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The Living: A Novel Hardcover – May 1, 1992


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Product Details

  • Hardcover: 397 pages
  • Publisher: Harpercollins (May 1992)
  • Language: English
  • ISBN-10: 0060168706
  • ISBN-13: 978-0060168704
  • Product Dimensions: 9.4 x 6 x 1.1 inches
  • Shipping Weight: 1.2 pounds
  • Average Customer Review: 4.1 out of 5 stars  See all reviews (41 customer reviews)
  • Amazon Best Sellers Rank: #358,666 in Books (See Top 100 in Books)

Editorial Reviews

Amazon.com Review

Listening to Lawrence Luckinbill read Annie Dillard's historical novel The Living takes a little getting used to. The very first sentence reveals a pronounced and distracting lisp, but don't let that dissuade you from continuing. Luckinbill's voice also exhibits a simple honesty, a gruffness that is perfectly suited to the steely pioneer spirit of Dillard's story. Surprisingly quickly, the vocal idiosyncrasy fades away, leaving only the emotional resonance of Luckenbill's obviously heartfelt connection to this powerful tale.

Dillard's finely crafted prose and Luckinbill's sincere voice carry you back to the early days of American expansion, into the truly Wild West and the stone-hard life these settlers would be forced to endure. "She had cried out to God all day and maybe all night, too, that he would lend her strength to bear affliction and go on. She was not aware that underneath she prayed another prayer as if to a power above God, or at least to his better nature, that he was finished with the worst of it." Of course, God isn't finished, and neither are these brave souls. Dillard opens their world slowly, stretching the horizon generation by generation, tethering the fate of one small family to that of the struggling town that they are helping to build and, ultimately, to the inexorable rise of the emerging nation. (Running time: six hours, four cassettes) --George Laney --This text refers to an out of print or unavailable edition of this title.

From Library Journal

Pulitzer Prize-winner Dillard ( Pilgrim at Tinker Creek , HarperCollins, 1988) turns her hand to fiction with this historical novel of the American Northwest in the late 19th century. Focusing on the settlement at Whatcom on Bellingham Bay (near Puget Sound), Dillard offers a compelling portrait of frontier life. The novel has a large and richly varied cast of characters, from the engaging frontiersman Clare Fishburn and Eastern socialite-turned-pioneer Minta Honer to the disturbed and violent Beal Obenchain and kleptomaniac Pearl Sharp. The Living is unflinching in its delineations of pioneer life at its worst and best--racism and brutality on the one hand and optimism and charity in adversity on the other. Dillard's view of "the living" in its many senses is a fine novel that is an essential purchase for all fiction collections.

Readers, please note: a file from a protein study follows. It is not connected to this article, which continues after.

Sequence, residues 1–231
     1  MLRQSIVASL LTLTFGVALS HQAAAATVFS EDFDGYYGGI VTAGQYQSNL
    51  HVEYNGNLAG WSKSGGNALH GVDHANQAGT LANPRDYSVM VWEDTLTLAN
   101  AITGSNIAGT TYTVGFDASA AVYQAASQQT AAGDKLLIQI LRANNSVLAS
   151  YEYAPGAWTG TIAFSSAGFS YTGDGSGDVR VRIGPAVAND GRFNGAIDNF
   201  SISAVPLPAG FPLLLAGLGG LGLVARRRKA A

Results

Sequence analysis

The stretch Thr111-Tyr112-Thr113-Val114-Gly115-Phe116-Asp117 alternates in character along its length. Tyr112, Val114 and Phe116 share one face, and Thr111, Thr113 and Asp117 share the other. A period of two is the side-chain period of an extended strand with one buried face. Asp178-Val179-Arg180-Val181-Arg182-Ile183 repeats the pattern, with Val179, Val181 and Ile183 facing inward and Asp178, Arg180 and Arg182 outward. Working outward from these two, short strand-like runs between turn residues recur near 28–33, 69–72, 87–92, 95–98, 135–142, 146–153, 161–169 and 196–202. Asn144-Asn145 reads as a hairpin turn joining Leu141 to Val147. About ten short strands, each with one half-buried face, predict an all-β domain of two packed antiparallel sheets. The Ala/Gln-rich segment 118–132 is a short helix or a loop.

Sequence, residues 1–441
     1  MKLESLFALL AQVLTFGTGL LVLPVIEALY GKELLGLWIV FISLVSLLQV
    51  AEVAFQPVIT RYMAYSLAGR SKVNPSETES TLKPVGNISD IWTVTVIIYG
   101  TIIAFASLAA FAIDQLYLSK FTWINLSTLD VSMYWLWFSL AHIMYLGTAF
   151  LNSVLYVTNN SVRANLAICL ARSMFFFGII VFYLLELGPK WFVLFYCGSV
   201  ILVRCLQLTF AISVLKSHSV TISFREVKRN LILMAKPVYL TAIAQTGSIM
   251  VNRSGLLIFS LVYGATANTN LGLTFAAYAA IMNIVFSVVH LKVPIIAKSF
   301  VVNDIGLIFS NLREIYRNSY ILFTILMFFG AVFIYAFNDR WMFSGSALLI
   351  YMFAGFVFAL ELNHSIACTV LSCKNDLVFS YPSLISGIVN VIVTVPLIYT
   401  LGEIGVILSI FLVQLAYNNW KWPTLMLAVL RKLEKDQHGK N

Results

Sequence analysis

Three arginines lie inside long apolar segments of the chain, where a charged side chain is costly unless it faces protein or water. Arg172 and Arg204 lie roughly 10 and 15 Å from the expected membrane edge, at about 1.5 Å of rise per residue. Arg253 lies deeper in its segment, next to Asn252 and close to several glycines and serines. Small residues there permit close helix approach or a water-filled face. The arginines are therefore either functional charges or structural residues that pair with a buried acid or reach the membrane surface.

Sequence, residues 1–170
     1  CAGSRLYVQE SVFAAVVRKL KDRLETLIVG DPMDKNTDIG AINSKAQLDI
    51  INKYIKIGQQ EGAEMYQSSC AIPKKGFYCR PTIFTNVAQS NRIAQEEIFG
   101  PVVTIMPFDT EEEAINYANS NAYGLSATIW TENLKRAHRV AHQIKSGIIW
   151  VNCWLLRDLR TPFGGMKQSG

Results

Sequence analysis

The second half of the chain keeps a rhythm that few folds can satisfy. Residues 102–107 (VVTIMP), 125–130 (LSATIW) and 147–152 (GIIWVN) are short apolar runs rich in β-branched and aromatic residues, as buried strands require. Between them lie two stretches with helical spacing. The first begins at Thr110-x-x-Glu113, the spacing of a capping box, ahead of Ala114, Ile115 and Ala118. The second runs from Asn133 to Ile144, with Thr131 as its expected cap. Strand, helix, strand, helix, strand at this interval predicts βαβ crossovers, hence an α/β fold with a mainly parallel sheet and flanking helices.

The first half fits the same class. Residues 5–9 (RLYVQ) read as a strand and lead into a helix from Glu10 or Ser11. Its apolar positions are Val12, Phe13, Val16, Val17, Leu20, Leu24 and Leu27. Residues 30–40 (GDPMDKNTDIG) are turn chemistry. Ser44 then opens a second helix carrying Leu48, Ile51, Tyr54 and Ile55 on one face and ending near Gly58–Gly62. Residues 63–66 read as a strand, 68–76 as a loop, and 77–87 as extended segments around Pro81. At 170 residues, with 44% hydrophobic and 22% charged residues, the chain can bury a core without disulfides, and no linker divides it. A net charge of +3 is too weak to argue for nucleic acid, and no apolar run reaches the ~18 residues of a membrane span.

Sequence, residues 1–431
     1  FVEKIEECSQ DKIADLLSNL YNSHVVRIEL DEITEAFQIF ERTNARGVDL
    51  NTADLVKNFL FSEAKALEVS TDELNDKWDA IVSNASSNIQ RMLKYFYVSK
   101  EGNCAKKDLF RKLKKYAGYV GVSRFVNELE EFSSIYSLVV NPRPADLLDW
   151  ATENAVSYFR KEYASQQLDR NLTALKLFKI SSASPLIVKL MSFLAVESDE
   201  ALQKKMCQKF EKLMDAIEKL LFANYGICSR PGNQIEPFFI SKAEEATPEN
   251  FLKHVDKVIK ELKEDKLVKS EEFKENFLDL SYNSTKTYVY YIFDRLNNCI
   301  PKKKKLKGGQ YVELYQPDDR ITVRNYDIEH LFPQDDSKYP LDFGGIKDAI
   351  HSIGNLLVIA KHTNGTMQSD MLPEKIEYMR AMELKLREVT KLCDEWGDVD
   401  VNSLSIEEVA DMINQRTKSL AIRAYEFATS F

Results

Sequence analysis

- Dean James, Houston Acad. of Medicine/Texas Medical Ctr. Lib.
Copyright 1992 Reed Business Information, Inc.

More About the Author

Annie Dillard is the author of ten books, including the Pulitzer Prize-winner Pilgrim at Tinker Creek, as well as An American Childhood, The Living, and Mornings Like This. She is a member of the Academy of Arts and Letters and has received fellowship grants from the John Simon Guggenheim Foundation and the National Endowment for the Arts. Born in 1945 in Pittsburgh, Dillard attended Hollins College in Virginia. After living for five years in the Pacific Northwest, she returned to the East Coast, where she lives with her family.

Customer Reviews

The book is dull.
Evan Loeffler
The power of fate and nature, and of love and courage are portrayed beautifully.
David
Great character development!
K. Simpson

Most Helpful Customer Reviews

28 of 29 people found the following review helpful By J Peter Nixon on July 20, 2001
Format: Paperback
This novel is about settling the Pacific Northwest in the same way that Moby Dick is about whaling. The richly drawn narrative provides a framework for Dillard's exploration of the mysteries of life, suffering and death. There is a philosophical and theological depth to this work that is rare in contemporary fiction.
This is not to say that Dillard sacrifices literary quality to make philosophical points. To the contrary, some of the sentences are simply breathtaking. One of my favorites occurs early in the novel, when Dillard is describing the forbidding topography of the Pacific Northwest from the perspective of one of the settlers:
"God might have created such a plunging shore as this before He thought of making people, and then when he thought of making people, he mercifully softened up the land in the palms of his hands wherever he expected them to live, which did not include here."